Scheduled field visits took place July 8-14, 2018.

  • BNSF Superior, WI Railyard Facilities
  • CN Superior, WI Inter-Modal Railyard Facilities
  • Halvor Trucking Lines, Superior, WI
  • North Shore Scenic Railroad & Lake Superior Railroad Museum, Duluth, MN

Kids Explore Copper Harbor

Kermits Keweenaw Kids
Kermit’s Keweenaw Kids on the Agassiz at the Copper Harbor Dock

COPPER HARBOR, Mich. (WLUC) – Kermit’s Keweenaw Kids explored Copper Harbor Friday. The program has provided activities for Keweenaw County youth since 1975.

Friday they partnered with Michigan Tech’s Center for Science and Environmental Outreach. Through the Ride the Waves program and a ride on the Agassiz, children saw Copper Harbor from a new perspective.

“About an hour and a half exploration into the harbor of Lake Superior. They are also going out on an hour and a half walk on Hunter’s Point as part of the Ride the Waves program, which is a way to teach students about how scientists study the great lakes,” said Lloyd Wescoat of the Center for Science an Environmental Outreach.

Read more and watch the video at WLUC TV6, by Mariah Powell.


Sixth Annual Lake Superior Day

Lake Superior Day 2018 shows people painting a model ore boatCOPPER HARBOR — The sixth annual Lake Superior Day was celebrated at Copper Harbor, with kids’ games, free hotdogs and goodies and rides on Michigan Technological University’s research vessel Agassiz.

The Agassiz, with a capacity of 18, took people into Copper Harbor on 45-minute excursions, where a Michigan Tech professor spoke to the passengers on the types of research the boat is used for, including studying the overall health of Lake Superior, and the many methods used in doing so. He then showed the passengers collections of algae taken during each trip, allowing people to see how the samples are collected.

Read more at the Mining Gazette, by Graham Jaehnig.


State of Lake Superior Conference 2018

SOLS18 logoCall for Abstracts

The Call for Abstracts for the 2018 State of Lake Superior Conference (SOLS) is now open. SOLS will take place Oct. 9-12, 2018, on the Michigan Tech campus.

The State of the Lake Conference series rotates each year and focuses on lake-specific research, policy and local implementation.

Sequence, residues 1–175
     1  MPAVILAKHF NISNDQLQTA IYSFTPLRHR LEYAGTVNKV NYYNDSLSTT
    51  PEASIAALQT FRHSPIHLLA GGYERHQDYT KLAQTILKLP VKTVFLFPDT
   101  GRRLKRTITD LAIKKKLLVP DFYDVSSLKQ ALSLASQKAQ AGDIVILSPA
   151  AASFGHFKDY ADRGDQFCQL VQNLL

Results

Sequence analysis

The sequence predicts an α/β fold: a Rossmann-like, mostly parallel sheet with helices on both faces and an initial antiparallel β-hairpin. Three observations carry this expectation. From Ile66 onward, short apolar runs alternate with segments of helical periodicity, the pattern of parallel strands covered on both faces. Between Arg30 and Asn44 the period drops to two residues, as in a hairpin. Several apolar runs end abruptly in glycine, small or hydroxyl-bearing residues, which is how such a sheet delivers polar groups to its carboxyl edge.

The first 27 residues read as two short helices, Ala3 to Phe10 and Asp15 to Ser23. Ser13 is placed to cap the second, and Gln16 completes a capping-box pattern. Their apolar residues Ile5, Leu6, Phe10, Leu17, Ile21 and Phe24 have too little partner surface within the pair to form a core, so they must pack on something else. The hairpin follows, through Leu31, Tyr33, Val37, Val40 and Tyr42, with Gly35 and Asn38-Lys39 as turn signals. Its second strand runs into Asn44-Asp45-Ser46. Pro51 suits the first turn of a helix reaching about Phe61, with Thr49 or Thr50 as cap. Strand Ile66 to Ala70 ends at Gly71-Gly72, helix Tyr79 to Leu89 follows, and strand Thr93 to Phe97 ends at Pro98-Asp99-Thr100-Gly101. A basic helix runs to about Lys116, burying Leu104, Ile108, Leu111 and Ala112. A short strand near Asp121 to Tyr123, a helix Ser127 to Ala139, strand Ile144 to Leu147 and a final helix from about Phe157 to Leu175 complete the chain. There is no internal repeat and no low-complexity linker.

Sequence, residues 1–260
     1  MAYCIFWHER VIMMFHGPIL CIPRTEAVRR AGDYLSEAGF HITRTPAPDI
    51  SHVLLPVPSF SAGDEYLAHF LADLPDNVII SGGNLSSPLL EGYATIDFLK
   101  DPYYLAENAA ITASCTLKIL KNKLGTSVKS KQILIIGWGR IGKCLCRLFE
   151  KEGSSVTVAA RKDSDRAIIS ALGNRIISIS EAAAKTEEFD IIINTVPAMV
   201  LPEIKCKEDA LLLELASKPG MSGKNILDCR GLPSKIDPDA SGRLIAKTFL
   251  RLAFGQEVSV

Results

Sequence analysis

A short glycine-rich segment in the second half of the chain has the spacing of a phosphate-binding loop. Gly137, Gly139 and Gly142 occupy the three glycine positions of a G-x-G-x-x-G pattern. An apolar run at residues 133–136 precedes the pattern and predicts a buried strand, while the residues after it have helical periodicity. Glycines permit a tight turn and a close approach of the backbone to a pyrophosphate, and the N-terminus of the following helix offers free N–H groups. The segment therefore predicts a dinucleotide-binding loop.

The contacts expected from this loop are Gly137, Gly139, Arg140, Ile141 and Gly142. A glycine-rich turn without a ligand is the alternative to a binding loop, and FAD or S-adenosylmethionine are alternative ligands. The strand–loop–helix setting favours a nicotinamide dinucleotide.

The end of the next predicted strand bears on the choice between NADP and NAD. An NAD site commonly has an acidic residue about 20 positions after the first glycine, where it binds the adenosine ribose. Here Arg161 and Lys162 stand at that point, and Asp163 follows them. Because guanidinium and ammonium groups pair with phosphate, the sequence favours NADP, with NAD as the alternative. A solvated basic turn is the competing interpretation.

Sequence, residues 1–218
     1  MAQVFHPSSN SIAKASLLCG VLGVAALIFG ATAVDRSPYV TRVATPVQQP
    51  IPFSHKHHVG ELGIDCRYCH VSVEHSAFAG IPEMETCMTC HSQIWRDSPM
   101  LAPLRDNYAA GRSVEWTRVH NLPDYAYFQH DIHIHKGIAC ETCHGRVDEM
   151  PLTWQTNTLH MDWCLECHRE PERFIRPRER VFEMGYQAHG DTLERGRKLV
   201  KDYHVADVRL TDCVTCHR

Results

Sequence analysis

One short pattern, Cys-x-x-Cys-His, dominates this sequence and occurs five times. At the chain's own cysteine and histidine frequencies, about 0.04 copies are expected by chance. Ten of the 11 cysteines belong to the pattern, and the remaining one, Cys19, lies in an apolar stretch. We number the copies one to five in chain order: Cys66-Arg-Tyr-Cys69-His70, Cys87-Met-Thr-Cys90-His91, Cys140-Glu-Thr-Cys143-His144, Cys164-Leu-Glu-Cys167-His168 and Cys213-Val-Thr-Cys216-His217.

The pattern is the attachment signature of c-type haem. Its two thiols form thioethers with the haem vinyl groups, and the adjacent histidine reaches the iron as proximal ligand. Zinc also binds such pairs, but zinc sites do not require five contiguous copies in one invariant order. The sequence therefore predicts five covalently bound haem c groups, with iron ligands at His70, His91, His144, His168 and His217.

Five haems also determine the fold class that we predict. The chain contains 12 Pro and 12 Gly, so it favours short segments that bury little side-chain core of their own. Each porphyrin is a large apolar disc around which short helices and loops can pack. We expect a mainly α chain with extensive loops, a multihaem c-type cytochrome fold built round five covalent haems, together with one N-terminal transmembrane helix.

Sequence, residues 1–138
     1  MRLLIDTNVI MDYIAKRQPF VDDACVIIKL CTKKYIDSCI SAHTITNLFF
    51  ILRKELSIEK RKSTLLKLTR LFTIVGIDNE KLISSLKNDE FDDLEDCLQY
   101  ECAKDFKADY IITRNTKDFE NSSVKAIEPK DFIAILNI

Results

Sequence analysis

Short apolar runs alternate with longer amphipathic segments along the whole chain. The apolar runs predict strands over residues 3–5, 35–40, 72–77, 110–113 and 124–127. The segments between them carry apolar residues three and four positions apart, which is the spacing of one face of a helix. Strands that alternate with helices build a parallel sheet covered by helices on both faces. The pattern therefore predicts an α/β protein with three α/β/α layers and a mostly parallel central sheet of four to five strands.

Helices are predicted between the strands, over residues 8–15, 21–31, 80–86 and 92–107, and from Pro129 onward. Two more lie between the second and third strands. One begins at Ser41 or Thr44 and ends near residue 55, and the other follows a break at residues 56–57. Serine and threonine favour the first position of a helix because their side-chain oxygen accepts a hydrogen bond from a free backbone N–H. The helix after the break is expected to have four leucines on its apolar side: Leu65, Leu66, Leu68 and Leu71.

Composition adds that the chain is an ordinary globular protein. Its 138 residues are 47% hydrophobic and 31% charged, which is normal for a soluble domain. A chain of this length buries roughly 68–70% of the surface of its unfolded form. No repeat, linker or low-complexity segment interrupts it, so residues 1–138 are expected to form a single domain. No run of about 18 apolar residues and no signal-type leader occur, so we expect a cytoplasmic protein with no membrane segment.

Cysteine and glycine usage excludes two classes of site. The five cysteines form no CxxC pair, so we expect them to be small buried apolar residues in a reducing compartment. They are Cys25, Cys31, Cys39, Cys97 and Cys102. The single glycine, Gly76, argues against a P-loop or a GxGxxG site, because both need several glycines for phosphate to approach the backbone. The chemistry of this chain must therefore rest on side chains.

The conference is hosted by the International Association for Great Lakes Research with generous support from sponsors and local university hosts. SOLS18 is the second in an annual series of State of Lake conferences aimed at bringing together lake-specific research, policy development, management, education, and nonprofit organizations to broaden the discussion and provide diverse interaction among stakeholders.


Brian Barkdoll Comments on Runoff and Flooding

Brian Barkdoll
Brian Barkdoll

HOUGHTON COUNTY — Vegetation is a key element in preventing landslides and erosion but when it comes to road washouts like those seen during the Father’s Day flood there isn’t an easy solution.

Roots help hold soil in place with lightweight and deep rooted plants making good drainage ditch choices but plants can’t be grown in a blacktop.

Not all positive, vegetation can slow down water flowing through a ditch but this raises the water level causing it to overflow on the road, said Brian Barkdoll, civil and environmental engineering professor at Michigan Technological University. Once the ground reaches a certain level of saturation the water isn’t absorbed anymore, development can prevent saturation as well.

When we develop land we put roofs and parking lots and those surfaces don’t allow that water to infiltrate into the soil anymore 100 percent of the water runs off into streams or into sewers so whenever we develop we’re creating more runoff and perhaps flooding. Brian Barkdoll

Read more at the Mining Gazette, by Kali Katerberg.


Local Students Explore the Aquatic Food Web

Kids and Joan Chadde look at a map while on the RV Agassiz.HOUGHTON — “You guys are going to be working today,” Agassiz captain Stephen Roblee informed a group of excited South Range fourth-graders.